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All your old digital gadgets could stop working later this week

After a critical digital certificate essential to visit websites safely expires on Thursday, internet connectivity on outdated electronic equipment and smart gadgets may stop operating. Let’s Encrypt, the largest issuer of digital certificates (which encrypts and safeguards the connection between devices and websites on the internet), will be forced to expire one of its most popular digital certificates, the IdentTrust DST Root CA X3, on September 30.

This means that a number of phones, computers, video game consoles, smart gadgets, and “Internet of Things” devices purchased before 2017 and using the Let’s Encrypt digital certificate in question, as well as those that haven’t updated their software since then, may have trouble connecting to the internet. Popular devices affected include iPhones running iOS 9 and below, Android phones running software older than 2.3.6, Windows computers running software prior to XP SP3, Sony’s PS3 and PS4 game consoles, and the Nintendo 3DS.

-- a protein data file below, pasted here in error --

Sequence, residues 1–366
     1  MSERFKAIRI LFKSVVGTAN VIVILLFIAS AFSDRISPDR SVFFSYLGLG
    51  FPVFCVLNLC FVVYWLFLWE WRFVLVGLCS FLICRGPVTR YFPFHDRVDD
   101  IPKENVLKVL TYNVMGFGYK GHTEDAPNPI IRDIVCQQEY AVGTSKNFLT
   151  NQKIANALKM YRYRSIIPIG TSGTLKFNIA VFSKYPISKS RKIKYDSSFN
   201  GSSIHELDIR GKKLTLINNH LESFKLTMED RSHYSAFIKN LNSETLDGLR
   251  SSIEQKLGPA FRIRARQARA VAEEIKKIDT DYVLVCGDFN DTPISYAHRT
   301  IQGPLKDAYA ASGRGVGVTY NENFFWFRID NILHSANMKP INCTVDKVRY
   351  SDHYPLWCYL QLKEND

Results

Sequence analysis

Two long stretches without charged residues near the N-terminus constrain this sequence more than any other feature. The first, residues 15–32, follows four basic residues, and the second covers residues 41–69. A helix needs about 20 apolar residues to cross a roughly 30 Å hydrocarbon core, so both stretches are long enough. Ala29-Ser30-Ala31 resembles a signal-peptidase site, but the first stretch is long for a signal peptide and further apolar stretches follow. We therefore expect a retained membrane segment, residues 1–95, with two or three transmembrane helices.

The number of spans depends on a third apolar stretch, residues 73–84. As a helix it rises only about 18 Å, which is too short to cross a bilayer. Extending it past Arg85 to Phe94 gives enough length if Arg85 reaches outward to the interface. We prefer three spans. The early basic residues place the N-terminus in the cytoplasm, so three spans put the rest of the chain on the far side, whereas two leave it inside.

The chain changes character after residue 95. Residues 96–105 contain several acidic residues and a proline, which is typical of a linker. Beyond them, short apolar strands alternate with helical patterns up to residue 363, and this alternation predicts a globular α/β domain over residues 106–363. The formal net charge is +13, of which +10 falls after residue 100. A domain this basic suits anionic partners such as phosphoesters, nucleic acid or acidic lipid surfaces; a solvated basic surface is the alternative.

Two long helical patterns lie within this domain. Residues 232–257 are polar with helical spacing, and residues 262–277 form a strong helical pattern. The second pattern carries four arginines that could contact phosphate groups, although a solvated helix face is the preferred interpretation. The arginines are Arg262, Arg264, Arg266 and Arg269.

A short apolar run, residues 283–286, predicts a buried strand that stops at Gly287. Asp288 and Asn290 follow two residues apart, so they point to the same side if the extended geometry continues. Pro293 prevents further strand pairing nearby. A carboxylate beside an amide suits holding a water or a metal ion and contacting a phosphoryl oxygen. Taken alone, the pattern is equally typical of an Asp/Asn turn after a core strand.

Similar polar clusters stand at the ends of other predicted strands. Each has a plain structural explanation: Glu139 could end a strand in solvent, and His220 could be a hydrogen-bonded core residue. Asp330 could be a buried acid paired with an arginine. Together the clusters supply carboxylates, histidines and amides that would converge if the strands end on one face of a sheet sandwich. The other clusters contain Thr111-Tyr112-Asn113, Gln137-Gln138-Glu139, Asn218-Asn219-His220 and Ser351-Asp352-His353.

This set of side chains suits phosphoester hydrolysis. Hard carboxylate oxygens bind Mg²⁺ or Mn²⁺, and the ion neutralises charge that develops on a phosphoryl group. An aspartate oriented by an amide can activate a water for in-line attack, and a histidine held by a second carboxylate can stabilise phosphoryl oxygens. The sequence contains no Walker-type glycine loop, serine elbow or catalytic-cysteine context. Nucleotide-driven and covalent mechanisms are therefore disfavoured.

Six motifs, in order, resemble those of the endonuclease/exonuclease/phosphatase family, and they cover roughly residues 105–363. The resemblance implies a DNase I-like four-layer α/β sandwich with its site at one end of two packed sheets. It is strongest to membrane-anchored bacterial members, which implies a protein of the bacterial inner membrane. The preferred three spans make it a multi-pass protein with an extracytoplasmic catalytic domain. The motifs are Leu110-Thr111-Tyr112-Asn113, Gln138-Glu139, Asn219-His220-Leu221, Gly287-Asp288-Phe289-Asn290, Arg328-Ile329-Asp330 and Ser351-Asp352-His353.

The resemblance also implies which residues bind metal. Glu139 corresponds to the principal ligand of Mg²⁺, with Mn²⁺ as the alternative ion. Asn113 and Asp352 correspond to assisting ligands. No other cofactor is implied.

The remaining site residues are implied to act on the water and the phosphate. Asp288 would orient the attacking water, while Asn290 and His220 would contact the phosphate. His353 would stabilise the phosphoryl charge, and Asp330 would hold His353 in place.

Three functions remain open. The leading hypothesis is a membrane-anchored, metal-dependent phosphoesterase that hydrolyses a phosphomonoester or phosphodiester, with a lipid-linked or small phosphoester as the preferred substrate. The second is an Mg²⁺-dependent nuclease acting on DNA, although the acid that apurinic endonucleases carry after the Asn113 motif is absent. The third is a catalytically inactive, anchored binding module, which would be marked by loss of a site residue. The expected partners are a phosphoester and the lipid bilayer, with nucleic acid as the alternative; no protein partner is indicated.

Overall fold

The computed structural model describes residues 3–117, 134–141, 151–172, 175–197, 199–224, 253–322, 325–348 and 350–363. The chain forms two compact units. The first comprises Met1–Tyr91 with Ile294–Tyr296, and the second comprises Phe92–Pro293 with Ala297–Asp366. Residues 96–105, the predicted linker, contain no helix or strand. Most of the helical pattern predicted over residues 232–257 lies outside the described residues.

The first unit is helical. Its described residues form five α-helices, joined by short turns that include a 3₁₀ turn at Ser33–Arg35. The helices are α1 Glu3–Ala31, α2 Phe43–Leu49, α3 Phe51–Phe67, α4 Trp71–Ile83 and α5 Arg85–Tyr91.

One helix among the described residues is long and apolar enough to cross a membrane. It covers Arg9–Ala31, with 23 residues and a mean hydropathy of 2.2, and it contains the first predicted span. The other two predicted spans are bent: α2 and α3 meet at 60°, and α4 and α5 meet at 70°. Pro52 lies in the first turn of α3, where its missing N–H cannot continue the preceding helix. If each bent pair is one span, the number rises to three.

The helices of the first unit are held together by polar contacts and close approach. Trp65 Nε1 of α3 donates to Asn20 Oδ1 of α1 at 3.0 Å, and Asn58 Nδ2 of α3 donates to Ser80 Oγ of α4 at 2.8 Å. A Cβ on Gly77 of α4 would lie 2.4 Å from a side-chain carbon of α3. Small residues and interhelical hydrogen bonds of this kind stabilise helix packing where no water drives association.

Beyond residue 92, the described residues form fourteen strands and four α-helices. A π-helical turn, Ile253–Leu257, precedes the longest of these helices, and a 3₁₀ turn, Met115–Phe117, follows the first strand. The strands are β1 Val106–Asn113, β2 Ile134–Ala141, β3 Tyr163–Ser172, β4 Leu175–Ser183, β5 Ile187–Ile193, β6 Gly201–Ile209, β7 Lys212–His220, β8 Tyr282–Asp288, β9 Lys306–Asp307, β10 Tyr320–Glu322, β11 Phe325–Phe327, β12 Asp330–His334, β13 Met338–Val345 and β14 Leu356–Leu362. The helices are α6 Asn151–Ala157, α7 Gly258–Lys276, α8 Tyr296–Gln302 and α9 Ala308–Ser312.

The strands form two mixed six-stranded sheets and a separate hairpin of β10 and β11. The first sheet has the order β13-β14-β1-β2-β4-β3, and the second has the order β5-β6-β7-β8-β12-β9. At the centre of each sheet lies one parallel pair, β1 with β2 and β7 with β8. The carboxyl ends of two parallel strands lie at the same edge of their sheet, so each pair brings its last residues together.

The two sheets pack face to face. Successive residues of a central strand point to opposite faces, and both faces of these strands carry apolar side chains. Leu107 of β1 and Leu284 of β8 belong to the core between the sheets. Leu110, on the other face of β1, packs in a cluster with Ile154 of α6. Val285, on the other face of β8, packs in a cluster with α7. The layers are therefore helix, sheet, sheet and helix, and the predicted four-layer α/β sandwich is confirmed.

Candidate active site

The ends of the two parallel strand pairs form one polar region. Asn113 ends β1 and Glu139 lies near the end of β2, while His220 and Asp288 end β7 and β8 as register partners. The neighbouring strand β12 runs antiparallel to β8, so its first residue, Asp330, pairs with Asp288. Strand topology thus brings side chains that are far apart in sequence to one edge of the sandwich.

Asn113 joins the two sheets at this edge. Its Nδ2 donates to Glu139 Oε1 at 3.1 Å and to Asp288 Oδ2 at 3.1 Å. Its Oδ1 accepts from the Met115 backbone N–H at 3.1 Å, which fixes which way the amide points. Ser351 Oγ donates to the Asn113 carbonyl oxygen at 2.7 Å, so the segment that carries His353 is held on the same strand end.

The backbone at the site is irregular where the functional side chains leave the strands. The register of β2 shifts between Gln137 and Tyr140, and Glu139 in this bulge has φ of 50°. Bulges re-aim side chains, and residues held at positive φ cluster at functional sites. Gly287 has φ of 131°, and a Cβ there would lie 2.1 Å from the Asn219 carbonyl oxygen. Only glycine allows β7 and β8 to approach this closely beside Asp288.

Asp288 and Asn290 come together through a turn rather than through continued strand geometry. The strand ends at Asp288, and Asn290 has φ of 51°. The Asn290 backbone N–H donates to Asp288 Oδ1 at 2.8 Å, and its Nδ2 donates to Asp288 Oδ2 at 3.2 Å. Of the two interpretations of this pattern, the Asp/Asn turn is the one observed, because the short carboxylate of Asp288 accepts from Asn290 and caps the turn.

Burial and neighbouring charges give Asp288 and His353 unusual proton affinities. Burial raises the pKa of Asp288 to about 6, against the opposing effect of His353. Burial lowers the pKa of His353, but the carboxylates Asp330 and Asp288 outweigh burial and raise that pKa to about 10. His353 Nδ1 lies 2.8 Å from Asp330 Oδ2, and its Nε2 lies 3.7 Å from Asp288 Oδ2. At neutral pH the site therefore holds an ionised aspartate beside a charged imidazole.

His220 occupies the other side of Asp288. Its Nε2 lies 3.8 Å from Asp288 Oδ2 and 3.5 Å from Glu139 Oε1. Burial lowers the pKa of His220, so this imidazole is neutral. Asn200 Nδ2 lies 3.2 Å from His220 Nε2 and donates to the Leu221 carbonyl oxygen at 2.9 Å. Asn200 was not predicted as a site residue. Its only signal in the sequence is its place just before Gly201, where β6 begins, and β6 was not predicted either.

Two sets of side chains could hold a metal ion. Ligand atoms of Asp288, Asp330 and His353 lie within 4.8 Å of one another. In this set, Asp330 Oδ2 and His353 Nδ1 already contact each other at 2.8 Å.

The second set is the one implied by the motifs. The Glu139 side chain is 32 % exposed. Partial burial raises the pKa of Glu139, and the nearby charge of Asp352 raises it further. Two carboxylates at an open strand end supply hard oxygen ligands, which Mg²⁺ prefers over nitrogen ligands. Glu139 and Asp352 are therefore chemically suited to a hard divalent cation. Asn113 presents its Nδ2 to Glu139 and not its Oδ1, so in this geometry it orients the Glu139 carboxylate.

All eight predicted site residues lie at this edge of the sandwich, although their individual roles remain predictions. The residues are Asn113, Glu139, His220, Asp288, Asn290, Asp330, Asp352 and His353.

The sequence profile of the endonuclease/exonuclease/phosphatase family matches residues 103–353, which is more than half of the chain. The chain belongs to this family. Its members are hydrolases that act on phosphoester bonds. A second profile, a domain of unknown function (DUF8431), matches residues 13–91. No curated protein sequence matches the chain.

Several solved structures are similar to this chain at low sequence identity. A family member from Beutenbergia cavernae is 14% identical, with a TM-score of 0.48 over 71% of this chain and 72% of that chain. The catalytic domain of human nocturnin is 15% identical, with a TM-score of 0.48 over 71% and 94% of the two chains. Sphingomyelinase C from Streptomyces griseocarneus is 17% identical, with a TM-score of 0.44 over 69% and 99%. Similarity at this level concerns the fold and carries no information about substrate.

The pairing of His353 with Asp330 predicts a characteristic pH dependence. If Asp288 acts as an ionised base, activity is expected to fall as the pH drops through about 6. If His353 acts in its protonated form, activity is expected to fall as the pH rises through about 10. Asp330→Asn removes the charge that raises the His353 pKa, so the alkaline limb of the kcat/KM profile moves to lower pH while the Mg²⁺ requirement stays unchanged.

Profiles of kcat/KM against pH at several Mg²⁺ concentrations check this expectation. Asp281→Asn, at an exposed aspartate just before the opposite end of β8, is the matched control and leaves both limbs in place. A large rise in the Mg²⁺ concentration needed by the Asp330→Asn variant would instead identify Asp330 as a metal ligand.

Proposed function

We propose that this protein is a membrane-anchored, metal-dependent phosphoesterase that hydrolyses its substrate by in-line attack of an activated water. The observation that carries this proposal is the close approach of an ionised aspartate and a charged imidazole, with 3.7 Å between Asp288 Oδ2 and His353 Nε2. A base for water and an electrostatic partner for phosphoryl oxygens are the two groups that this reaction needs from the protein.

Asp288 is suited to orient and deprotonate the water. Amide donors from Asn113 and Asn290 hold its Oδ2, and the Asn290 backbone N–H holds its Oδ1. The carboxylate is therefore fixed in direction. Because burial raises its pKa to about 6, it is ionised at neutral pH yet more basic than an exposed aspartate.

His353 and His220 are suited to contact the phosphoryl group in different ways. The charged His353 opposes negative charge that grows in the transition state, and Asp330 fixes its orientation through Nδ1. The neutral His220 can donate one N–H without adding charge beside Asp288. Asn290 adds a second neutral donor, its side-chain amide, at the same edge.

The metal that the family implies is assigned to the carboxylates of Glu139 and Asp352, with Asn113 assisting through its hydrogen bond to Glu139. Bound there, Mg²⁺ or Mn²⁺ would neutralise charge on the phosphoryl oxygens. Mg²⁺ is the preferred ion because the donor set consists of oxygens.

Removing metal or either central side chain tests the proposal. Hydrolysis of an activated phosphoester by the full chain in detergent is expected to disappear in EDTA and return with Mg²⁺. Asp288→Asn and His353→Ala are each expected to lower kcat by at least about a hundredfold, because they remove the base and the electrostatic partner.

Security researcher and cybersecurity expert Scott Helme, said, “Certain older devices from 2016 and before and any gadget that has the word ‘smart’ in it that requires internet connectivity, like certain TVs, bulbs, fridges, and home control apps, could be affected by this certificate expiry.” Many manufacturers, including Apple, Google, Sony, and Microsoft, have been unaware of the situation, according to Helme, and have made no announcements to customers about potential concerns.

This is one of the first large digital certifications to expire since the internet’s inception in the 1980s, according to him. As a result, there is no precedent on how to remedy the problem other than changing device software. Part of the reason for such issues is planned obsolescence, which causes tech equipment to stop working correctly after a set number of years. Although there is a substantial danger that millions of gadgets could stop working on Thursday, some internet security experts believe that each device will be affected differently.

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